The head of the Catholic peace organization Pax Christi USA said in a statement that President Trump and his supporters must be held responsible for today’s actions.

“The events unfolding today at the U.S. Capitol are the result of the demagoguery of one man, President Trump, and the failure of all those—politicians, media, family, and more—who excused, overlooked, dismissed or otherwise encouraged the hateful and divisive rhetoric that has defined this president’s term in office,” said Johnny Zokovitch, the executive director of Pax Christi USA.

The Catholic Health Association, which represents Catholic hospitals, published a “prayer for peace in national violence,” asking God to be “with our country in this moment of violence, division, and turmoil.”

Some of President Trump’s Catholic supporters used social media to condemn Democrats.

The Rev. Frank Pavone, the head of the controversial anti-abortion group Priests for Life who was once a member of Mr. Trump’s Catholic outreach group, tweeted: “These Democrats are hypocrites. Biden should shut up; he has no authority to talk right now. He is a fraud & he is not the president-elect. The rest of these sanctimonious, self righteous Democrats should stop complaining. They tried to steal the election & want us to accept it!”

Congress was meeting today to certify Mr. Biden’s Electoral College victory. Several Republican members of Congress objected to the process, claiming without evidence that the election had not been carried out fairly. Members of the House and Senate were forced to shelter in place after protesters attending a rally for President Trump stormed the Capitol and made their way inside.

President-elect Joseph R. Biden Jr., spoke from Wilmington, Del., this afternoon, calling the action “a reminder, a painful one, that democracy is fragile.”

Shocking images of protesters, some carrying Confederate flags and wearing Trump paraphernalia, vandalizing congressional offices and roaming freely on the House and Senate floors flooded social media. At one point, a member of Congress was filmed crouching behind a row of seats and praying for safety.

President-elect Joseph R. Biden Jr., spoke from Wilmington, Del., this afternoon, calling the action “a reminder, a painful one, that democracy is fragile.”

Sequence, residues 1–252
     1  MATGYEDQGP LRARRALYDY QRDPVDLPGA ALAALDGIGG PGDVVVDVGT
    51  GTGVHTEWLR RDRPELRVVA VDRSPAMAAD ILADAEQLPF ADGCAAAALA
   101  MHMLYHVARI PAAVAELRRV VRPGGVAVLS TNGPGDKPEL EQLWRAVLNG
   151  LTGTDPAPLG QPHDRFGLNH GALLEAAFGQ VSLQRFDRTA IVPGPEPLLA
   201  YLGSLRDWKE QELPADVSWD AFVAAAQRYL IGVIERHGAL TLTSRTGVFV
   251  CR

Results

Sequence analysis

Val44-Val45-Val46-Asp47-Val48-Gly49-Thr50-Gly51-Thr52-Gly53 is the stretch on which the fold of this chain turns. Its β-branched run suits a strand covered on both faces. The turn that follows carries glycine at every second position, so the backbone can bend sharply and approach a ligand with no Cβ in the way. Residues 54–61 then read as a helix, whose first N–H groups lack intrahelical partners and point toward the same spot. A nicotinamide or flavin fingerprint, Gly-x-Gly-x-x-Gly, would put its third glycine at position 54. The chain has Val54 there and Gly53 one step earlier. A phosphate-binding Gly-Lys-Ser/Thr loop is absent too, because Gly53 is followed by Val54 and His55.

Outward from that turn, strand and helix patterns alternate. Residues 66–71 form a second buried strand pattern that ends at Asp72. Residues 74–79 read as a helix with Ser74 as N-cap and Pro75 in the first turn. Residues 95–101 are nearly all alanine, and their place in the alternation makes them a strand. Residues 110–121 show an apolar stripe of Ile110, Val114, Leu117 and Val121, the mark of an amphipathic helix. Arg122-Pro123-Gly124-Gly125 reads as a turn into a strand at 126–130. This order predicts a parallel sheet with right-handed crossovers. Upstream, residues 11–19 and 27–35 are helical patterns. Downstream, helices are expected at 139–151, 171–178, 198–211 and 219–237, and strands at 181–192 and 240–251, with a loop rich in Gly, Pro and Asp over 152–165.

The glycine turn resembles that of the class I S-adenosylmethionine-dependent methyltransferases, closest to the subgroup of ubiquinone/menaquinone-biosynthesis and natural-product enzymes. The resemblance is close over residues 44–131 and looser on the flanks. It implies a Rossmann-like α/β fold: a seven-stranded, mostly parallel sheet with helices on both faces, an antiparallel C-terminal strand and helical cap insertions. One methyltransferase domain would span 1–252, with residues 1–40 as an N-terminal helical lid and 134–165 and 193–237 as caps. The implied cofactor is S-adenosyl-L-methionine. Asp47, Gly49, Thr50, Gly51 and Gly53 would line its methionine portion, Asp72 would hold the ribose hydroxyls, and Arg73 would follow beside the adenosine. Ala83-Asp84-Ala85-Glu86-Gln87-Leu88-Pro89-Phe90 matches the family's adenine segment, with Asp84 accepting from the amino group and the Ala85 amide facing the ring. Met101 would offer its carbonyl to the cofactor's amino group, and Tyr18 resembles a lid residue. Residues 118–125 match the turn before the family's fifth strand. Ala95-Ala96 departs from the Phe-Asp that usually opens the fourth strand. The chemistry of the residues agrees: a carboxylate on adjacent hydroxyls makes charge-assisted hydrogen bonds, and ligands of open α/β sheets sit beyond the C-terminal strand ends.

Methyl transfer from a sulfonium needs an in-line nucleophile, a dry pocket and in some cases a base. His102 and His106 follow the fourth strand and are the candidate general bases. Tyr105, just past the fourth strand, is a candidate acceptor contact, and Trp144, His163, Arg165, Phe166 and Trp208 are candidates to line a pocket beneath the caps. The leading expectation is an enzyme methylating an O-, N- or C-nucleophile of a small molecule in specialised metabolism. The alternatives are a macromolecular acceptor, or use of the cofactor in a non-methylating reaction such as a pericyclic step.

“To storm the Capitol, to smash windows, to occupy offices, and to threaten the safety of duly elected officials is not protest. It is insurrection,” he said. “The world is watching, and like so many other Americans, I am shocked and saddened that our nation, so long a beacon of light, hope, and democracy has come to such a dark moment.”

In a letter to House members sent Wednesday evening, Speaker of the House Nancy Pelosi called the siege “a shameful assault” on U.S. democracy.

“Today January 6—the Feast of the Epiphany—let us pray that this instigation to violence will provide an epiphany for our country to heal,” Speaker Pelosi wrote.

For his part, President Trump tweeted a recorded video addressed to protesters telling him he loves them but urging them to return home. He repeated his fraudulent claims that the election was “stolen.”

This story will be updated.

More from America

The latest from america

Social justice scandals play out in Netflix's newest hit "The Chair", echoing college campuses across the country. The show's empathy is remarkable, but as a recent graduate, some scenes hit too close to home.
Sarah VincentSeptember 17, 2021
Photo: Searchlight Pictures
America spoke with Jessica Chastain and Andrew Garfield about the nature of faith and the singular courage of Tammy Faye.
Ryan Di CorpoSeptember 17, 2021
I live with chronic pain, and often it seems like no one really understands what this means. Having chronic pain, especially as a young person, can often feel lonely and isolating.
Keara HanlonSeptember 17, 2021
The man who could oust Prime Minister Justin Trudeau from power became Conservative Party leader with a pledge to “take back Canada”—and almost immediately started working to modernize the party by pushing it toward the political center.